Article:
G.O.P. Rep. Cole Advocates Major Shift In Negotiating Tactics

by
Owen Poindexter
Oklahoma Rep. Tom Cole argued for House Republicans to pass a tax cut for 98% of income earners, in defiance of the G.O.P. line of holding out for the top 2%.


Rep. Tom Cole is willing to give a little in budget negotiations. Is he an outlier or a sign of things to come? PHOTO: AP

Representative Tom Cole of Oklahoma, a Republican by anyone’s standards, has come out in favor of the House passing a tax cut for 98% of Americans. House Republicans are holding out for a deal that would give the same cut to the top 2% as well, and Cole would prefer that, but he  believes that passing the 98% cut would give Republicans leverage in negotiations down the road. Whether the GOP takes Cole’s advice remains to be seen, but the fact that he gave it signals a seismic shift in how Obama and Republicans are interacting.

Obama’s main negotiating tactic in his first term (which we are still technically in) was to give. He offered concessions to Republicans before anyone asked for them, hoping this would engender an atmosphere of compromise and deal-making. The Republican strategy was to take, and to never give. The senate blocked and delayed judicial nominees and cabinet appointees, and used the  filibuster to make it difficult to get anything done. The House, after Republicans took it over in 2010, refused to give an inch, especially over anything related to increasing taxes.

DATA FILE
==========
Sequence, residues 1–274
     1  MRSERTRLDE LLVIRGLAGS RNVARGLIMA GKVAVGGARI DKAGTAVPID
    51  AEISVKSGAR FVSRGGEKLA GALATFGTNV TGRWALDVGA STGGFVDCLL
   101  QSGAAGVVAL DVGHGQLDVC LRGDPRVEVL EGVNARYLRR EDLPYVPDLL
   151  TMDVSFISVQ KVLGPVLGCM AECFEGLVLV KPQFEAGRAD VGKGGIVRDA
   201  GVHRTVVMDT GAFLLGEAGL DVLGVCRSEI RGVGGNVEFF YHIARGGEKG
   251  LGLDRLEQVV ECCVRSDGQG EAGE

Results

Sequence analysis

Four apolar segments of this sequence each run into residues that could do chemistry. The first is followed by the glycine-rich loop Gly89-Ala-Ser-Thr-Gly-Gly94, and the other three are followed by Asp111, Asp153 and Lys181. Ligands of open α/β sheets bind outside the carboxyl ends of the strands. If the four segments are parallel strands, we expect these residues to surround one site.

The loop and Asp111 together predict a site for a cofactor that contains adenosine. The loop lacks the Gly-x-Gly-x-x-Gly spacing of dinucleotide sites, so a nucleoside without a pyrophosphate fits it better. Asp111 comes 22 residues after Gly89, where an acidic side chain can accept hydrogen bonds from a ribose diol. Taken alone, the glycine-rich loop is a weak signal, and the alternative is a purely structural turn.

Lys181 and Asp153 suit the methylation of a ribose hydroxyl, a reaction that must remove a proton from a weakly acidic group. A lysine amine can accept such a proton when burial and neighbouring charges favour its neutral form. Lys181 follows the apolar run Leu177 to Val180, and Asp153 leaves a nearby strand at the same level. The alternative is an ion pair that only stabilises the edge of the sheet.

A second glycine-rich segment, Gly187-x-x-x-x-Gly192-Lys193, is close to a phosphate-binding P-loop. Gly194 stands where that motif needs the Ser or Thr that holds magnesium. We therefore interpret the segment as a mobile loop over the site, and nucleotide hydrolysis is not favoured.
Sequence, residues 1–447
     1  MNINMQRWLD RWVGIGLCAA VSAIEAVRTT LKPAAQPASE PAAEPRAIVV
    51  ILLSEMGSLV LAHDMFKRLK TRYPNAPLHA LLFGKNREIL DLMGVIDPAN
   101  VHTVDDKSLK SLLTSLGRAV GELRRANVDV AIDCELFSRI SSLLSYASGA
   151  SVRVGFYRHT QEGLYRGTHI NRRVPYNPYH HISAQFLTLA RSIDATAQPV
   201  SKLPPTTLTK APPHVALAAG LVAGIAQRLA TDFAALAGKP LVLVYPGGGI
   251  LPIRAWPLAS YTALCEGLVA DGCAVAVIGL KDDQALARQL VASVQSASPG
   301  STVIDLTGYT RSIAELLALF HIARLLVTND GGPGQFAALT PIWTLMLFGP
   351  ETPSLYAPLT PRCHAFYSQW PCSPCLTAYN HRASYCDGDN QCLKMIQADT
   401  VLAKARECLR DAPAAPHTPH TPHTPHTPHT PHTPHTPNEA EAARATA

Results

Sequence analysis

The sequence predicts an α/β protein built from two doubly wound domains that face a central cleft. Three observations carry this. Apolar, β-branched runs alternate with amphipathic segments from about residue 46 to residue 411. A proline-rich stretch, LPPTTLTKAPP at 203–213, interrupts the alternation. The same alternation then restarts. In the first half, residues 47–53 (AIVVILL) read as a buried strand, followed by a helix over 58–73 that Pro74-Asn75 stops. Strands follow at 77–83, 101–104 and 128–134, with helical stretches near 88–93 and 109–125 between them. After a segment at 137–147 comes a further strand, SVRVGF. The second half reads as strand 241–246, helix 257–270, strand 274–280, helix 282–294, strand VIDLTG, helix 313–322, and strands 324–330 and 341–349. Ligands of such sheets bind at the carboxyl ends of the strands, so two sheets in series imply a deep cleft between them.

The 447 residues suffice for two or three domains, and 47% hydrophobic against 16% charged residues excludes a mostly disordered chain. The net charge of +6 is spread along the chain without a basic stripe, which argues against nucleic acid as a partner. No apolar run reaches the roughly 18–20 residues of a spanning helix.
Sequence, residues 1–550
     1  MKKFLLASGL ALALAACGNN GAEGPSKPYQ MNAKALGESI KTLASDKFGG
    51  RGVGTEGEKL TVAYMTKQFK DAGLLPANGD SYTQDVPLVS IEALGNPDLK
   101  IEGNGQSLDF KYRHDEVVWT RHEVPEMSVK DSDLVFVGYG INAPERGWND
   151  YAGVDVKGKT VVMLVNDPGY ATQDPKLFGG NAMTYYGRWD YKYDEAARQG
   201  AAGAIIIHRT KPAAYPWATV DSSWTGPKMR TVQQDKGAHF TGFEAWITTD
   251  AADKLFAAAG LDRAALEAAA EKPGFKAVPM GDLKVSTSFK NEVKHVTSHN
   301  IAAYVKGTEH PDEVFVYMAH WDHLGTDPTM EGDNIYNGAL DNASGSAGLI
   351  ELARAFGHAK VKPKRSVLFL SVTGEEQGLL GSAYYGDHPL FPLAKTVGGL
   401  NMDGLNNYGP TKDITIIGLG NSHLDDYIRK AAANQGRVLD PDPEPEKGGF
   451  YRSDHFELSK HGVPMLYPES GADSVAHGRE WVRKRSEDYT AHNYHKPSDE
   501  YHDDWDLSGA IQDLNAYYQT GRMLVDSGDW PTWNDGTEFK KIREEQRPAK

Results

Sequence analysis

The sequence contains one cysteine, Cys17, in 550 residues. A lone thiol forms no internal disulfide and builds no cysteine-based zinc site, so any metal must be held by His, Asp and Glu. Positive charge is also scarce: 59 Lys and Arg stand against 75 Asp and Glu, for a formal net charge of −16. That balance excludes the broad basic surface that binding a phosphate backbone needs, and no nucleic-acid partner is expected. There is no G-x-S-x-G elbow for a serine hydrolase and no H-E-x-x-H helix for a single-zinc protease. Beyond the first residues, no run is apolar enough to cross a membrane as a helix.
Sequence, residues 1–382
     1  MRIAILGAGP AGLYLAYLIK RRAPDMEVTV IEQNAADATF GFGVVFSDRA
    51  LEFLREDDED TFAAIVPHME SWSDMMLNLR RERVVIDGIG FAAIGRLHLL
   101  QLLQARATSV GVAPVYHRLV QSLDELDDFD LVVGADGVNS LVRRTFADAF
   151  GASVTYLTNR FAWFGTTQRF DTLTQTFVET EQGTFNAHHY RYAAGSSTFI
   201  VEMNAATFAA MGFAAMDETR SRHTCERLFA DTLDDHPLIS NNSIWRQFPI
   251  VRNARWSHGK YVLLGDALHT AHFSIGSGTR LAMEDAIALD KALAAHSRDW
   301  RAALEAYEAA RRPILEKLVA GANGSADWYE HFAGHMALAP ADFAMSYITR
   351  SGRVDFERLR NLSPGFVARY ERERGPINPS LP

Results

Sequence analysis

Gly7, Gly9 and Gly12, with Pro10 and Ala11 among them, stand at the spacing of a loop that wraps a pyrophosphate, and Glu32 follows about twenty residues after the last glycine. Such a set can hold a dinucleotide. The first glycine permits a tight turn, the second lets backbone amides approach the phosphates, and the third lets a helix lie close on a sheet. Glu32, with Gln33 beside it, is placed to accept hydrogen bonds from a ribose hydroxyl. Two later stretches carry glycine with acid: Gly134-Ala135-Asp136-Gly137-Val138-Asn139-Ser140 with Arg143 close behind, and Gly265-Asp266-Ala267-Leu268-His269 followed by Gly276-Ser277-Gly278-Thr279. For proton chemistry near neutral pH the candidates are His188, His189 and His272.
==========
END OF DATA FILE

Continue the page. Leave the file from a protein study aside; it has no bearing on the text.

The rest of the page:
Now, for the first time in a long time, at least a few Republicans are looking to give on taxes.

“I think we ought to take the 98 percent deal right now,” said Cole. “It doesn’t mean I agree with raising the top 2. I don’t.” Cole believes that if Democrats are pushing to maintain the Bush tax cuts for 98% of income earners, and Republicans are holding out for the top 2%, then Democrats will have public opinion on their side, and the stronger bargaining position. “Some people think that’s our leverage in the debate. It’s the Democrats’ leverage in the debate,” Cole added.

Cole claims to have the support of “a lot” of Republicans, but Speaker of the House John Boehner is not among them. In his statement, Boehner ignored the fact that Cole is making a tactical, not a policy recommendation.

"I told Tom earlier in our conference meeting that I disagreed with him….The goal here is to grow the economy and control spending. You're not going to grow the economy if you raise tax rates on the top two [percent]. It'll hurt small businesses; it'll hurt our economy."

Though Cole is still advocating for the same Republican agenda of maintaining the Bush tax cuts (which skew toward the rich) for all Americans, his statement is a shift in tactics, which may signal a broader shift as we move into the second term. One can hope anyway.

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